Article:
$814raised
Fully funded

Pai is a 63-year-old woman who lives alone in a refugee camp in the border region of Thailand and Burma. She receives 350 baht (approx. $12 USD) each month on a cash card from The Border Consortium, to purchase food in the refugee camp. This support is just enough to cover her daily needs, since she sometimes shares meals with her sister. In June 2019, Pai first notice that the vision in both of her eyes was blurry. By late 2021, she could no longer see with her left eye. She then went to the hospital in the refugee camp, run by the International Rescue Committee (IRC). A medic checked her eyes, gave her some eyedrops, and told her that they would refer her to Mae Sot Hospital (MSH) for further follow up. IRC staff brought Pai to the hospital in January where the doctor completed a vision test and also checked her eyes with specialized equipment. The doctor diagnosed her with cataracts and shared that she would need surgery to be able to see clearly again. Currently, Pai can only see objects near to her with her right eye and even then, she cannot see objects clearly. She can only perceive light with her left eye. When she walks, she has to do so slowly to avoid stubbing her toes on stones and other objects. At night, she now needs someone to assist her to get around at all. She also has difficulty cleaning her house and doing other household chores like washing her clothes or cooking. She shared that when she tries to cook on her own, she will sometimes mixed up the ingredients now. Our medical partner, Burma Children Medical Fund, is requesting $1,500 to fund lens replacement surgery for Pai. On February 22nd, doctors will perform a lens replacement, during which they will remove Pai's natural lens and replace this with an intraocular lens implant. After recovery, she will be able to see clearly. Now, she needs help to fund this $1,500 procedure. Pai said, “I do not want to depend on my sister as she has to look after her family too. However, now I have to depend on her for many things and I feel sad about this.” Pai is thankful to the donors who can help pay for her treatment cost. She is very happy that there will be a donor for her. She said, “I hope that I can see again, and I really want to see the donors and everyone at BCMF’s organisation who was willing to help me. Thank you so much for your kind support.”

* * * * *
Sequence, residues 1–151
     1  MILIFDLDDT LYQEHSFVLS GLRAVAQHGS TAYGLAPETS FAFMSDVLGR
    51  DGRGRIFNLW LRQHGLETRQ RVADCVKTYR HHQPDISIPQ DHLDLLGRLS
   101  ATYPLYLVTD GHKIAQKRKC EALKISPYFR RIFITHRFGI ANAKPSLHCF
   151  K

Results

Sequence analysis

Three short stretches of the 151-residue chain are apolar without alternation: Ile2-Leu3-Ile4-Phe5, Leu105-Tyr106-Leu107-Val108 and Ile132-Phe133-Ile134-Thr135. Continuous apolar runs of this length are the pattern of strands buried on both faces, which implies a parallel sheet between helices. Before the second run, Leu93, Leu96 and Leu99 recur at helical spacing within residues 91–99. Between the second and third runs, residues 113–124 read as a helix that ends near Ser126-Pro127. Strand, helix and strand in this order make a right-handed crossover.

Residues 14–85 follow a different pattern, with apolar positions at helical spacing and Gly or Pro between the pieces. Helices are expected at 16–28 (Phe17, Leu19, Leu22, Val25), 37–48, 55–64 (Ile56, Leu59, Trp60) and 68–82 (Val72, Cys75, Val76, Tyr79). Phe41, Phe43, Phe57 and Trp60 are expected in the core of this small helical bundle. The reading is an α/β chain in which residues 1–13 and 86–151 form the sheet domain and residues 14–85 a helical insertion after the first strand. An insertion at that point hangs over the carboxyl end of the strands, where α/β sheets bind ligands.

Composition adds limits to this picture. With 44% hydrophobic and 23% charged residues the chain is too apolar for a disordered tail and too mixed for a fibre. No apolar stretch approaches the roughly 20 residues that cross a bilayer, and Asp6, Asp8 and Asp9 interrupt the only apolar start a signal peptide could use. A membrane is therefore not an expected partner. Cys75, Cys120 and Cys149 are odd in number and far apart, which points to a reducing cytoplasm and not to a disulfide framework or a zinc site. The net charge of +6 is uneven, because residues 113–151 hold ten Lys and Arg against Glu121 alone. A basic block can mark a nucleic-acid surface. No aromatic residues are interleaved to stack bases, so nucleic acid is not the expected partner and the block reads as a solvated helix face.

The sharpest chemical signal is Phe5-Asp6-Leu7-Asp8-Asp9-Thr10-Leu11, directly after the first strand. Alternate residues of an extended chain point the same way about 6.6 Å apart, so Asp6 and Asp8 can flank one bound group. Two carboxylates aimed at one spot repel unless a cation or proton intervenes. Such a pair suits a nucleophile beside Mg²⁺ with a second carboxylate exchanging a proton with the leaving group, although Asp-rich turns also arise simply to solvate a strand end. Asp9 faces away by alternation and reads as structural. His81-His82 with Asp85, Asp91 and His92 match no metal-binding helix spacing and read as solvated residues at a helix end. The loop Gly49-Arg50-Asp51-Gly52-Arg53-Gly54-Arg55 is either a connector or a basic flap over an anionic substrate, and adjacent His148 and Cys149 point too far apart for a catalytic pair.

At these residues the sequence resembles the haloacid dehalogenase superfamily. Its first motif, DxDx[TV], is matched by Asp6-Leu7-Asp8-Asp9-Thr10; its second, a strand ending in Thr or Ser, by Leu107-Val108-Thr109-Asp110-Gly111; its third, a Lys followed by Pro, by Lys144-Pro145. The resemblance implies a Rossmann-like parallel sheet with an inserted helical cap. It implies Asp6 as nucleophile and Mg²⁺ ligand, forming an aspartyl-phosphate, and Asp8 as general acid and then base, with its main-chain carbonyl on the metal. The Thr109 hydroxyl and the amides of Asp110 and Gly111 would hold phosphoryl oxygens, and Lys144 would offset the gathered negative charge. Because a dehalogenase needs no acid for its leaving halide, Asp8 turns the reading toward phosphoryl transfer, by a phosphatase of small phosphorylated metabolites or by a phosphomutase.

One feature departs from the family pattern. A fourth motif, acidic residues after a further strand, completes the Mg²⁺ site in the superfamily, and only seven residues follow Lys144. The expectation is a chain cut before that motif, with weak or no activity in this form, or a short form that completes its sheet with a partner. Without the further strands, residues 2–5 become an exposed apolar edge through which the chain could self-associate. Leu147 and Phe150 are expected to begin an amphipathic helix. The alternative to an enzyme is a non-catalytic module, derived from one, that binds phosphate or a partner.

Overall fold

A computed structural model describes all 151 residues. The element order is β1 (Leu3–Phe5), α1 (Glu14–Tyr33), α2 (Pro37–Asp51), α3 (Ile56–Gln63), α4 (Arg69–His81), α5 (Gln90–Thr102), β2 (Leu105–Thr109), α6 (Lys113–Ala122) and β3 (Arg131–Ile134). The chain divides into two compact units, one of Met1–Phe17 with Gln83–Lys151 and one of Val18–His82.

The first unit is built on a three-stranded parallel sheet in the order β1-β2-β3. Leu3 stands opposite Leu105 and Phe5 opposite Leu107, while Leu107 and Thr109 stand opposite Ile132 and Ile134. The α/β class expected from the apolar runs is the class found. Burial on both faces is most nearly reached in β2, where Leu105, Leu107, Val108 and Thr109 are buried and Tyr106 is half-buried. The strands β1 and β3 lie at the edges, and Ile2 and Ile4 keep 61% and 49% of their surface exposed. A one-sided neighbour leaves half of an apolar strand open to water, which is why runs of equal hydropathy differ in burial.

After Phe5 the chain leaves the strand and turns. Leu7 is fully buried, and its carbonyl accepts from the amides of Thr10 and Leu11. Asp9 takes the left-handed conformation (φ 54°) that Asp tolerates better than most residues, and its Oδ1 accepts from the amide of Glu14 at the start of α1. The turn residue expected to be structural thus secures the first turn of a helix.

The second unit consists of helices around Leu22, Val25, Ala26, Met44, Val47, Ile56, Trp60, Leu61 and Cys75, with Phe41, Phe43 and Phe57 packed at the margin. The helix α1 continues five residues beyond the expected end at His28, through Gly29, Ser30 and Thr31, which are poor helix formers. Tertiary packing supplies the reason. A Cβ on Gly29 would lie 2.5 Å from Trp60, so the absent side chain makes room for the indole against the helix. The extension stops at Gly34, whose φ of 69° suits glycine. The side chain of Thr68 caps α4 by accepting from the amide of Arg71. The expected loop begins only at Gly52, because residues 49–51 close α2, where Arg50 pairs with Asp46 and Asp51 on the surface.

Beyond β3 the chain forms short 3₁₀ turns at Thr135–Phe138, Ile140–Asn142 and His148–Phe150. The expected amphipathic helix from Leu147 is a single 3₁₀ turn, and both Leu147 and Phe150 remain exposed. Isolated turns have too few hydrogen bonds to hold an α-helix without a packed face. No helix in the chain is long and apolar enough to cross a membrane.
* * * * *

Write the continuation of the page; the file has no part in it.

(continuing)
$1,500raised
Fully funded

Natinael is a sweet toddler who loves to play with toys. He loves birds especially looking at the doves where he lives with his mom. Natinael's mom shared that he is shy and always wants to be at her side. She is a single mom and has been raising Natinael on her own with help from her family. Natinael was born with birth condition called Bladder Extrophy, which means that his bladder is open to air and at great risk of infections and injury. He needs surgery to help heal his condition, but his mother is unable to afford the cost. She is very much worried and concerned by his health and wants to do whatever she can to make sure he grows up healthy. She shared, “At first I did not know about the gravity of his condition. Then when I went to the hospitals they said they can’t do the surgery and they referred me to another hospital. I was in so much distress. I thought ‘what is this disease that the doctors refer it to another hospital.’ One doctor explained the condition to me and that was my lowest time of my life. I couldn’t eat or drink or sleep. All I could do was cry. I asked God why this happened to me." Fortunately someone referred her to an organization that knew our medical partner's care center BKMCM Hospital where doctors can perform the surgery he needs. Natinael's mom says, "If he heals, I hope I will work hard and raise him well and give him good education. I did not go to school and that makes me to want to send Natinael to school more. I'd like to spend the rest of my life with him protecting him.”

$1,500raised
Fully funded